Contemporary Novels

THE GOOD HOUSE by Tananarive Due

The less you know about this book going in, the more pleasure to be had from the frequent shocks to the system that it delivers. I will reveal as little as possible.

Angela Toussaint’s grandmother Marie was a manbo, a vodou priestess. Marie was revered by the citizens of rural Sacajawea, Washington, for her cures and potions, and at the same time she was never allowed to forget that she was the only African-American in town. She inherited a mansion on a hill, the ironically named Good House of the title, from her partner in the mail-order herbal business.

After the death of Angela’s mother, Marie raised Angela to be ignorant of vodou practices. Yet, years after Marie’s death, when Angela is spending the summer in the Good House with her teenaged son Corey, the supernatural begins to bleed into her reality anyway.

What a pleasure it is to read a book where the intricate plot feels so organic, so much the result of conscious decisions of complex human beings rather than a heavy authorial hand. Each choice creates ripples of consequences through the lives of a dozen or more richly drawn characters, across two parallel time lines. Angela is particularly sympathetic–strong but not superhuman, well intentioned but fallible, believably confounded when her notions of reality are taken away from her.

Subtleties abound. Corey and his best friend ride horses; vodou believers are considered “horses” when they are mounted by the lwa, the spirits. Though Due never belabors it, there are drastic differences between the way male characters use vodou and the way the female characters do, and that ties in to one of the many thematic concerns of the book–masculinity, toxic and otherwise, and the difficulty of raising a man-child in the 21st century. There are also issues of race in the novel, and a reminder that vodou, born in West Africa, nurtured in Haiti, is fundamentally Black magic. Due’s research is impeccable, but never overwhelming, and her moral compass never falters.

The combination of Due’s intensely visual writing and the empathy she creates for her characters results in some seriously scary scenes, and because of the aforementioned shocks to the system, I was left with no confidence that things were going to turn out even remotely okay.

As to whether they do or not, that’s for you to find out.

Contemporary Novels


Lew's Book Reviews: Cover of Mother, Daughter, Widow, WifeThis novel is not so much a hall of mirrors as a hall of echoes. As an auditory echo makes a space seem more vast, so literary echoes make this novel of carefully chosen specifics speak to larger issues of gender, identity, memory, and loss.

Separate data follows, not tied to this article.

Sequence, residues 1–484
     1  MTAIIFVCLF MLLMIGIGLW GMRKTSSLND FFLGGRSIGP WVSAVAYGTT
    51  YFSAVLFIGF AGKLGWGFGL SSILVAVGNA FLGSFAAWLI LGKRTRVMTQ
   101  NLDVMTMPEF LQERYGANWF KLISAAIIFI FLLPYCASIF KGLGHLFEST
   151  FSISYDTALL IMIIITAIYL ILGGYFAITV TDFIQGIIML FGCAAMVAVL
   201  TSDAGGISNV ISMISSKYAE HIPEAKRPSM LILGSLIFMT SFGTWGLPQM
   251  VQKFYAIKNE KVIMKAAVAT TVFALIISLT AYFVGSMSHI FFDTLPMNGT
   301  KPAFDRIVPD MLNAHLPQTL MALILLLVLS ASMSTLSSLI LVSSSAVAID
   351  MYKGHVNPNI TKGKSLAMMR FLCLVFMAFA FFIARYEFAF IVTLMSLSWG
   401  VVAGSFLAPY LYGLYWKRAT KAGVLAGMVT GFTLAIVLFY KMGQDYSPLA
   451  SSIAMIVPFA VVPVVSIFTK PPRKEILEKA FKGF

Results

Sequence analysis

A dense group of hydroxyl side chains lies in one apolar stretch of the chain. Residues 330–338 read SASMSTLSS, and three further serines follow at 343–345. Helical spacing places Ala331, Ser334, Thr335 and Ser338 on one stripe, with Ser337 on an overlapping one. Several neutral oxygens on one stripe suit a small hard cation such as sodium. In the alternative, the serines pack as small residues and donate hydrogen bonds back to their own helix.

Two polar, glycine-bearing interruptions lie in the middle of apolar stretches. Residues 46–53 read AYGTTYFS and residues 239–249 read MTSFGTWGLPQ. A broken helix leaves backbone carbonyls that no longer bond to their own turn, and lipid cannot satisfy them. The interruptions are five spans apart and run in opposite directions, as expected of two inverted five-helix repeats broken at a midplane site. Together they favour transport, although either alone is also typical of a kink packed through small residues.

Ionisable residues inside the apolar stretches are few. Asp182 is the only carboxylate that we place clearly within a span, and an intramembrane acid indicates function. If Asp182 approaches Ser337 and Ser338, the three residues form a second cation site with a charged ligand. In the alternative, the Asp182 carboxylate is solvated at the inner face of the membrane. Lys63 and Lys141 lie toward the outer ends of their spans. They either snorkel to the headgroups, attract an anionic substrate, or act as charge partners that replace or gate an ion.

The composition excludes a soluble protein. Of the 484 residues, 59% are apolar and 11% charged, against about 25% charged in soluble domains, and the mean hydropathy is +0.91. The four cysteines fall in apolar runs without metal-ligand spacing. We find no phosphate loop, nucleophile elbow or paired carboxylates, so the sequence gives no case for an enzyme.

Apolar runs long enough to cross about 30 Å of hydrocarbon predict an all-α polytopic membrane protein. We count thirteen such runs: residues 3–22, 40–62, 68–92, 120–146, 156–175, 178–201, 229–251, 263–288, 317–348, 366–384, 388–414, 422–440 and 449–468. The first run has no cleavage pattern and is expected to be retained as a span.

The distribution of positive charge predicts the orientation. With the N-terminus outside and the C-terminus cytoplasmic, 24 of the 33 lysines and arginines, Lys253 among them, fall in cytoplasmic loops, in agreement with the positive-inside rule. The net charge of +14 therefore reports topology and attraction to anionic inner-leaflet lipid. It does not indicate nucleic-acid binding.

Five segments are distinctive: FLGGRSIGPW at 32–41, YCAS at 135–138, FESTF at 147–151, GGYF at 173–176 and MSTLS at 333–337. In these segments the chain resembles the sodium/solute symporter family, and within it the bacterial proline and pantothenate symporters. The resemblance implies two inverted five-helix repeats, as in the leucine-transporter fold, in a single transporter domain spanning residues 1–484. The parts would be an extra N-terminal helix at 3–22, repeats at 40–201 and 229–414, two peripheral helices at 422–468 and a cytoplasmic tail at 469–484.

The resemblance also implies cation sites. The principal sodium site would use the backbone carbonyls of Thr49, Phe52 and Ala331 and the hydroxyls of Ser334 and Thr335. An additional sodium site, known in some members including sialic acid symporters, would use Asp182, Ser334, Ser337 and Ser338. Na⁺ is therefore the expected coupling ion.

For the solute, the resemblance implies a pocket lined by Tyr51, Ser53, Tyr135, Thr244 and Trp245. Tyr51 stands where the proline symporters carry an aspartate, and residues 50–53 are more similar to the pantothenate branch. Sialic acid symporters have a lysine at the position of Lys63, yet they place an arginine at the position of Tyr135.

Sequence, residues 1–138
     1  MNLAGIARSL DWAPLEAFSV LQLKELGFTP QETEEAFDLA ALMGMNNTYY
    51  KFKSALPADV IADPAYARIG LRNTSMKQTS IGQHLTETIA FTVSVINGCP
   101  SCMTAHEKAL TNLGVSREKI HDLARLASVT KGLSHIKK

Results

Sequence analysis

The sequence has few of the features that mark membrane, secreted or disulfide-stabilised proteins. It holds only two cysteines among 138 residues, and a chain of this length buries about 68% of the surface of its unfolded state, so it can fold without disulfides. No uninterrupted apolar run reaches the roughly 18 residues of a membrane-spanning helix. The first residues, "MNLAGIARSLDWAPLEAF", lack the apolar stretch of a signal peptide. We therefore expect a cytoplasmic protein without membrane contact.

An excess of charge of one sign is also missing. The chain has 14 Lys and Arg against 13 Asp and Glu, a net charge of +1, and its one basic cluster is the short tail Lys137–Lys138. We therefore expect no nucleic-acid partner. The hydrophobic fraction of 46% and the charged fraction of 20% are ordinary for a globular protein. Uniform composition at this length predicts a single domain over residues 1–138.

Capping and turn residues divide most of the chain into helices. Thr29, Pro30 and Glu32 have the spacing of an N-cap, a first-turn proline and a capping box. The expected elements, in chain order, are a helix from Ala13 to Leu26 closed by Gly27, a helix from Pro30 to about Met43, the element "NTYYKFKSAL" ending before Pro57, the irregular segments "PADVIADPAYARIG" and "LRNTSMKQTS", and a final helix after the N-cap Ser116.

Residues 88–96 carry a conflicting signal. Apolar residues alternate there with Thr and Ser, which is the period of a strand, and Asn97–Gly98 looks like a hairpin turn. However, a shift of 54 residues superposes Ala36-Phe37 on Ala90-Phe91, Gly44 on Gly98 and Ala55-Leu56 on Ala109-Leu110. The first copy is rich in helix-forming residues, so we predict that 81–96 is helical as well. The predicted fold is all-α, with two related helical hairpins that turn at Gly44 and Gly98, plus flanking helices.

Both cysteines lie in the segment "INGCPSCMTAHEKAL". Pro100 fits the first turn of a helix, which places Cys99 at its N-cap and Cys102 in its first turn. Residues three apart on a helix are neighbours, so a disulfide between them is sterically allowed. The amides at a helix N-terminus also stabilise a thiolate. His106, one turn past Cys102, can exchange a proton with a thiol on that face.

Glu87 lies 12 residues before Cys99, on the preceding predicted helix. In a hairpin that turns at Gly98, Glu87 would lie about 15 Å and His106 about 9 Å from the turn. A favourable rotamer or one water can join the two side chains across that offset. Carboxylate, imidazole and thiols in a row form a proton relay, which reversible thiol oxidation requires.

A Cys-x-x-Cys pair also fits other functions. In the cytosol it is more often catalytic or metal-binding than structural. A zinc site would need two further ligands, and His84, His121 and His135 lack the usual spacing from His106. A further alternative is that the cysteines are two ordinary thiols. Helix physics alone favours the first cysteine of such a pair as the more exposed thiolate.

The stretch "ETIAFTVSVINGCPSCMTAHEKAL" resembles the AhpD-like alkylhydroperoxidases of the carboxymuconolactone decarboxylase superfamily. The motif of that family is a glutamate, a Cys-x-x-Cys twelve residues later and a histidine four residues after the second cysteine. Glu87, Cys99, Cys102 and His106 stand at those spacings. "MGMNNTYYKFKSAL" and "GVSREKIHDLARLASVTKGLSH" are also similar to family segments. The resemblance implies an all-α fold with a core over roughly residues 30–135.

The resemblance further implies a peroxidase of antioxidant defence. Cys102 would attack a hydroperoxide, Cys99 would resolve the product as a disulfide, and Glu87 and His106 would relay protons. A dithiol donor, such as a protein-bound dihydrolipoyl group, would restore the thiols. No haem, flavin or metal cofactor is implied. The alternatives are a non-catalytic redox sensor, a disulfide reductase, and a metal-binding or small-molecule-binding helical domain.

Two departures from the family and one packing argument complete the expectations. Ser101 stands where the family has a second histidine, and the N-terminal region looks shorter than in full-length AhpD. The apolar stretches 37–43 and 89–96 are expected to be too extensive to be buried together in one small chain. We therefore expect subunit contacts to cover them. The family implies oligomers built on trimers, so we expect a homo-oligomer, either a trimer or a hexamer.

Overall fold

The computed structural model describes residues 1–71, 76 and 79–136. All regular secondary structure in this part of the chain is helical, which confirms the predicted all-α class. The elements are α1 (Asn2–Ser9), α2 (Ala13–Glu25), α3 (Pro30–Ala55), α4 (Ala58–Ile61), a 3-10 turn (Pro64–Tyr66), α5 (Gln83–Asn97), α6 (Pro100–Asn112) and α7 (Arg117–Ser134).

It begins with a mystery: Who is “Wendy Doe,” a patient suffering dissociative fugue, a kind of temporary amnesia that has not only deprived her of her memories, but also her personality? The time is the late 1990s, and she has ended up at the Meadowlark Institute for Memory Research, in the care of “cognitive psychology’s latest golden god,” Dr. Benjamin Strauss, who assigns newly hired researcher Lizzie Epstein to her case.

The narrative quickly expands to include four viewpoints: Wendy’s journal; Lizzie’s third-person POV in the nineties; the third-person narrative of Alice, Wendy’s daughter, in the 2010s; and the first-person voice of “Elizabeth,” who is Lizzie 18 years later. To Wasserman’s credit, as she darts back and forth between these perspectives, I was only disoriented in the early pages, as she intended me to be.

The viewpoint characters all have losses in common. Lizzie is still mourning her beloved father; when we meet her again as Elizabeth, she has just lost her husband. Alice loses her mother twice; Wendy has lost everything, and will herself be lost when her memory returns. Lizzie and Alice both abandon stalled relationships when they travel to Meadowlark; all three (four, counting Elizabeth) characters struggle to define themselves in ways that don’t also limit them–as the four categories of the title do. All the women long to be seen, in all their complexity.

Wendy’s fugue state is echoed by Benjamin’s love of Bach fugues, and by the structure of the novel itself, in which different voices pick up and play variations on themes of attachment and betrayal. This is just one example of the complexity of the novel, yet it never feels contrived or mechanical. Instead it feels rich, satisfying, lifelike. Wasserman’s intelligence and depth of scientific knowledge are reflected in her characters, especially Lizzie, whose acidic humor reminded me of Karen Joy Fowler: “The last time Lizzie came for a visit, her mother had been dating a therapist and wanted to talk about feelings. Specifically, she wanted to talk about Lizzie’s feeling like she had been abandoned by her mother, back when her mother abandoned her.”

For all its smarts and intricacy, the novel has moments of raw shock. There is an incident of rough sex, for example, that went far beyond my comfort level. I don’t believe Wasserman cares about my comfort, nor should she. Her responsibility is to her characters, and she sees them as they are.